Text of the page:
The Holy Land is, of course, a coming together of at least three major religions.
The Muslim call to prayer that was broadcast through loudspeakers at many times of the day and night was a new sensation for me. I admit to finding it unpleasant at times. Once or twice I wondered if that unpleasant feeling was an internal reaction that I might describe as ‘spiritual discomfort’.
The presence of Orthodox Jews was also very noticeable, and a new thing for me. My honest reaction to this is that they often appeared preoccupied with their own agenda and so in that way were not making their religion accessible.
I also noticed a little bit of animosity from some younger Orthodox Jewish men. One young man made a racist remark about Arabs in response to a comment he overheard me say.
In contrast, I had a very animated conversation with a shopkeeper about Islam as I bought some postcards. He was very keen to know the cost of lamb in New Zealand. I started thinking out loud about what four chops might be worth. “No, the whole sheep! I am a butcher!” he smiled. I never experienced animosity that I could associate directly with Islam, even if he did mistake me for an Australian or a South African.
In fact, while in Hebron we were welcomed into a mosque and treated with warmth by a local leader who helped us understand the significance of the site, the reputed resting place of Father Abraham.
Palestinians are people who are fabulous at hospitality!
The Israeli security and immigration staff were usually bland or curt in my experience. To some others of our party they were very rude and offensive.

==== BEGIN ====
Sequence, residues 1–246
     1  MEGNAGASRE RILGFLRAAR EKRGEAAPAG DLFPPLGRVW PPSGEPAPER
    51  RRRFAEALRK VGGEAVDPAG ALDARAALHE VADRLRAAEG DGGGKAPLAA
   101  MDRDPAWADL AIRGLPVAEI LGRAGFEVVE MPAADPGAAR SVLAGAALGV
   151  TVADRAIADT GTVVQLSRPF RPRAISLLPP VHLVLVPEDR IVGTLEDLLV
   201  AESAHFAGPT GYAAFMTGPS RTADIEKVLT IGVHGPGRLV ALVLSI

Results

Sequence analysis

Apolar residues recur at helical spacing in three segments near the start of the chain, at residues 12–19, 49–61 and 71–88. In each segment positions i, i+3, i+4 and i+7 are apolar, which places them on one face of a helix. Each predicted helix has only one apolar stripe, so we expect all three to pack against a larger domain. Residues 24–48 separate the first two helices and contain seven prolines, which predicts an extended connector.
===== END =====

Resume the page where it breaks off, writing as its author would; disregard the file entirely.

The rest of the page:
Palestinian drivers, waiters, shopkeepers, and church members were universally warm, even joyful as they welcomed and served us. I guess had we been served and hosted by Israelis it may have been the same.
There was particular appreciation expressed, that we were making an effort to visit, and to find out what life was really like for them. Coffee was offered in every circumstance, and it came out as a warm gesture of ‘welcome’, particularly from those who were not well off. This was notable a couple of times.
To say the coffee was strong is to understate things. It was exceptionally strong, always black, and often flavoured with the addition of cardamom. The hummus and fresh spreads to dip our pita into were outstanding. The olives were superb. Have I mentioned how great the olives were? The mains were often chicken or lamb, sometimes off the shewarma vertical rotisserie and flavoured with fabulous spices. I will never ever forget the baklava from the Philadelphia restaurant in Jerusalem.
The main impression however, is of willingness by the three or four key people who accompanied us, to spend time, to gently educate, and to open up their personal lives in order for us to learn. This is not something that is simply ‘done’. It takes humility and it takes grace.
Grace is something I saw time and time again. It cannot be said enough, that in the face of tremendous and unrelenting pressure, it was very noticeable how gracious these people are. The hospitality we experienced during this visit was humbling.
Chris grew up in Timaru and West Auckland. He has been in Baptist church pastoral leadership roles for over 20 years in exciting places like the South Island’s West Coast and central Christchurch. Experiencing the destructive forces of the 2010-2011 Canterbury earthquakes has introduced him to new layers of care, community response, and recovery red tape. He currently owns four old Fiats, some of which are drivable, and secretly wishes he was in Dave Dobbyn’s band as the fiddle player. He is learning to share the Fiats with Julie and their three children.
If you’d like to be alerted when Chris’ next post (or any other Sacraparental post) goes live, you can follow this blog by clicking the button on the top right.